Tuesday, September 18, 2012

`Perhaps I Am Better Than I Should Have Been'

On the 303rd anniversary of his birth, let’s consider two meditations by Samuel Johnson on the subject of birthdays. The first is written three days late, on Sept. 21, 1773, in a letter to his friend Hester Thrale:

“Boswel[l], with some of his troublesome kindness, has informed this family, and reminded me that the eighteenth of September is my birthday. The return of my Birthday, if I remember it, fills me with thoughts which it seems to be the general care of humanity to escape. I can now look back upon threescore and four years, in which little has been done, and little has been enjoyed, a life diversified by misery, spent part in the sluggishness of penury, and part under the violence of pain, in gloomy discontent, or importunate distress. But perhaps I am better than I should have been, if I had been less afflicted. With this I will try to be content.”

Johnson leavens the gloom with affectionate wit – Boswell’s “troublesome kindness,” a quality we recognize in some of our loved ones. Johnson’s Christian stoicism, which might in others tip into self-pity, is what I admire. This most industrious of men forever berates himself for indolence, and yet few of us will ever have to labor harder against illness and poverty. In our age of aggrieved entitlement, looking at challenges as goads to accomplishment will make little sense to many. Think of the couplet Johnson contributed to Goldsmith’s “The Traveller” in 1764:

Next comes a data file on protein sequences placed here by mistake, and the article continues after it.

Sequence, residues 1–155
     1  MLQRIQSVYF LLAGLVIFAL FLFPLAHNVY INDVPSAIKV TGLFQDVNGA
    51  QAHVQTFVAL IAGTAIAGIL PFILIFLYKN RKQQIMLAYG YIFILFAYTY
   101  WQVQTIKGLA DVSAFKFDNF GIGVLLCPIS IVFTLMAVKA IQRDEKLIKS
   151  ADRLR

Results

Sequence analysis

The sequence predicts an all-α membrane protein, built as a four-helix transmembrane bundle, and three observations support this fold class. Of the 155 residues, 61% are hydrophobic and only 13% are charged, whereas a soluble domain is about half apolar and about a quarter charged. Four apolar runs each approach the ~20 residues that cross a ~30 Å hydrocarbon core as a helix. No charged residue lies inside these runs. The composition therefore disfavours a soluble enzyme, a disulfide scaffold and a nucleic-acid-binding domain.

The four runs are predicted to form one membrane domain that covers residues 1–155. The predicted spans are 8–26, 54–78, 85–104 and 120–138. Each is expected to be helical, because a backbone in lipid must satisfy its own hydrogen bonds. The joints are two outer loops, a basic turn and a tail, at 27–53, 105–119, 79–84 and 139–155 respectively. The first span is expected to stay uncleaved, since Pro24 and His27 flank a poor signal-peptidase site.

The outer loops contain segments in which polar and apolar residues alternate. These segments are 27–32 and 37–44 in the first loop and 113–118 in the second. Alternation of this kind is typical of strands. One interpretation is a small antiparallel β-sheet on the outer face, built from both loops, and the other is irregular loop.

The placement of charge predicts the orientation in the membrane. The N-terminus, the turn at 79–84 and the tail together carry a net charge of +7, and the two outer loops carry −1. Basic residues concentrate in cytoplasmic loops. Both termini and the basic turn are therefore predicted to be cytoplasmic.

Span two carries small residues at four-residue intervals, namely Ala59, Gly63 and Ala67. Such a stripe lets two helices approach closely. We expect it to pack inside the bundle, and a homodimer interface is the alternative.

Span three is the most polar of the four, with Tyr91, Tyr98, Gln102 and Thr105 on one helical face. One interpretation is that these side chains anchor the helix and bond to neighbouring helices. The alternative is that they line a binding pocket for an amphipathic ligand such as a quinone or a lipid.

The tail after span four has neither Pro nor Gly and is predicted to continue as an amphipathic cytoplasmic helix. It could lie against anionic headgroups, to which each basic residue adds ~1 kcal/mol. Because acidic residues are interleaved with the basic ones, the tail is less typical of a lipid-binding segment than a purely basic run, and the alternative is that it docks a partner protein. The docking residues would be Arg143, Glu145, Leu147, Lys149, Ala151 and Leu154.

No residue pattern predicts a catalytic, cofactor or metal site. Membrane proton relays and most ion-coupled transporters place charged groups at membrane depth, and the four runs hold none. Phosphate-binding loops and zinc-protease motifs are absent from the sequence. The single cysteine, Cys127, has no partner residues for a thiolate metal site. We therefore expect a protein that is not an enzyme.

“How small, of all that human hearts endure,
That part which laws or kings can cause or cure!” 

Four birthdays later, on Sept. 18, 1777, Johnson writes again to Thrale: 

“Here is another Birthday. They come very fast. I am now sixty eight. To lament the past is vain, what remains is to look for hope in futurity. Queen[e]y has now passed another year. I hope every year will bring her happiness.” 

Queeney is Thrale’s daughter. It’s typical of Johnson to celebrate his birthday by wishing another well. One of the pleasures of rereading Johnson is to be convincingly reminded of a better way to live. Rather than preaching, Johnson shares his own experience. When I read his blessing on Queeney, I think: That’s the right thing to do. As Johnson wrote in The Rambler #2: “Men more frequently require to be reminded than informed.” Years ago a friend put it like this: “I’m not a slow learner. I’m a quick forgetter.”


Anonymous said...

Good words. Dr. Johnson always strikes the right note. The more I read Johnson, and read about him, the more impressively great he becomes. Johnson provides many reminders to us as we read him. This post reminds me that I, too, have a sixty-fourth birthday coming up at the end of next month.


Bruce Floyd said...

I don't think anyone can improve on W. Jackson Bate's summing up of Johnson's life. In the last sentence of his magisterial biography of Johnson, Bate writes, "With all the odds against him, he had proved that it was possible to get through this strange adventure of life, and to do it in a way that is a tribute to human nature."